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Jumpstarting dysfunctional regulatory T cells into action could help treat Parkinson’s disease

First described as shaking palsy in 1817 by the English surgeon James Parkinson, his namesake disease is infamous for its debilitating motor symptoms stemming from the untimely death of the midbrain’s dopaminergic neurons. A major player linked to this progressive neuronal damage is chronic inflammation that is perpetuated by an altered, pathological immune response within the Parkinson’s brain. In a study published in npj Parkinson’s Disease, Houston Methodist researchers provide evidence that the regulatory T immune cells, or Tregs, are not just reduced but also dysfunctional in Parkinson’s disease. Consequently, these otherwise immunosuppressive cells are unable to dial down the inflammation in the central nervous system. However, they also showed that peripheral Tregs can be successfully activated and expanded ex vivo. These restored Tregs, they said, can then be potentially used to suppress pro-inflammatory immune cells. “We have shown proof of concept that we can take the dysfunctional Tregs and then activate them to make them hyper suppressive, providing a potential therapeutic route to treating Parkinson's disease,” said Aaron Thome, PhD, assistant research professor of neurology. “From here, our next step would be to inject these cells back into the patient and investigate not only if it is safe and well-tolerated, but also if infusion of functional Tregs can halt the progression of the disease.” Like elsewhere in the body, inflammation within the brain is typically a part of immune responses needed for tissue maintenance and repair. However, if the inflammation is prolonged due to neurodegenerative diseases or traumatic brain injuries, then progressive neuronal damage occurs. Further, chronic inflammatory changes can increase the permeability of the blood-brain barrier to peripheral immune cells, amplifying the ongoing neuroinflammation. In Parkinson’s disease, dopamine-producing neurons in the substantia nigra pars compacta are the most vulnerable to damage from inflammation. The initial immune response is speculated to be triggered by the death of dopaminergic neurons due to an accumulation of misfolded alpha-synuclein proteins in their cell bodies. To clear up the dead tissue and debris, microglia, the resident innate immune cells of the brain, sweep into action. But with time, increasing aggregations of toxic conformations of alpha-synuclein cause more cell death, recruiting even more immune cells and eventually setting off chronic inflammation. Furthermore, misfolded alpha-synuclein can even directly activate pro-inflammatory immune cells to drum up neuroinflammation.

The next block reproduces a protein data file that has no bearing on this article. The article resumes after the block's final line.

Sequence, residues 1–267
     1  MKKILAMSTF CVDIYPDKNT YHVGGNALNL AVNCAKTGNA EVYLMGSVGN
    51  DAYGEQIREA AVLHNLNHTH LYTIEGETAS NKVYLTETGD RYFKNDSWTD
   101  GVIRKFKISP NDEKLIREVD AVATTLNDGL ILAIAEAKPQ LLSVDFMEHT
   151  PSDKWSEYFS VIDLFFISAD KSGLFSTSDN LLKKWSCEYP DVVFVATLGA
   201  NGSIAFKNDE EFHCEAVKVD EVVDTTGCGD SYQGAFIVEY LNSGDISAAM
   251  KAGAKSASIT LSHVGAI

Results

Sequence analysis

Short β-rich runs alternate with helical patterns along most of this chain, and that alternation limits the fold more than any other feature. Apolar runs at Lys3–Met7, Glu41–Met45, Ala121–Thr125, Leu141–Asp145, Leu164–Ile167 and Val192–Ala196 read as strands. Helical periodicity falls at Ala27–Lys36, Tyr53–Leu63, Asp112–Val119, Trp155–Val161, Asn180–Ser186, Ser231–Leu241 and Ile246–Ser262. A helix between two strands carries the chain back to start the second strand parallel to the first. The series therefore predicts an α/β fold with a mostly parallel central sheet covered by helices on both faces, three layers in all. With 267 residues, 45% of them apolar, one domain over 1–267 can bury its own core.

The ability to successfully expand Tregs outside the body and restore their suppressive function allows us to consider infusing the functionally suppressive Tregs in Parkinson’s disease.”
Aaron Thome, PhD Assistant Research Professor of Neurology Houston Methodist